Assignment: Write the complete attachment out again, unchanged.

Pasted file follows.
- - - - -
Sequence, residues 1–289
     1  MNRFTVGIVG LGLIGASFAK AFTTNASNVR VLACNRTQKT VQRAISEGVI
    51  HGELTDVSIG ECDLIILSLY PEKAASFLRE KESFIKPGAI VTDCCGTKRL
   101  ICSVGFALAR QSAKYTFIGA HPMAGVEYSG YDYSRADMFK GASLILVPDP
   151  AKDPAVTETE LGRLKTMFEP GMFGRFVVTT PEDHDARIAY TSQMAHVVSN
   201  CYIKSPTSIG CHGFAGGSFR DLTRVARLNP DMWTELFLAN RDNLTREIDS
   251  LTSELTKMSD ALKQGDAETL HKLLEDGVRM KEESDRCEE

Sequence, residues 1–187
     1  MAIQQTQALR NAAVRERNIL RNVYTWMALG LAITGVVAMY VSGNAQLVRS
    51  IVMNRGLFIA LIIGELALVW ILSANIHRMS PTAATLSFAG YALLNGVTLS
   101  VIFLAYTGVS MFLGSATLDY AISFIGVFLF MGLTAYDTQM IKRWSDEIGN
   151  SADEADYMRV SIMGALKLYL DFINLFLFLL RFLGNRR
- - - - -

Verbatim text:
Sequence, residues 1–289
     1  MNRFTVGIVG LGLIGASFAK AFTTNASNVR VLACNRTQKT VQRAISEGVI
    51  HGELTDVSIG ECDLIILSLY PEKAASFLRE KESFIKPGAI VTDCCGTKRL
   101  ICSVGFALAR QSAKYTFIGA HPMAGVEYSG YDYSRADMFK GASLILVPDP
   151  AKDPAVTETE LGRLKTMFEP GMFGRFVVTT PEDHDARIAY TSQMAHVVSN
   201  CYIKSPTSIG CHGFAGGSFR DLTRVARLNP DMWTELFLAN RDNLTREIDS
   251  LTSELTKMSD ALKQGDAETL HKLLEDGVRM KEESDRCEE

Sequence, residues 1–187
     1  MAIQQTQALR NAAVRERNIL RNVYTWMALG LAITGVVAMY VSGNAQLVRS
    51  IVMNRGLFIA LIIGELALVW ILSANIHRMS PTAATLSFAG YALLNGVTLS
   101  VIFLAYTGVS MFLGSATLDY AISFIGVFLF MGLTAYDTQM IKRWSDEIGN
   151  SADEADYMRV SIMGALKLYL DFINLFLFLL RFLGNRR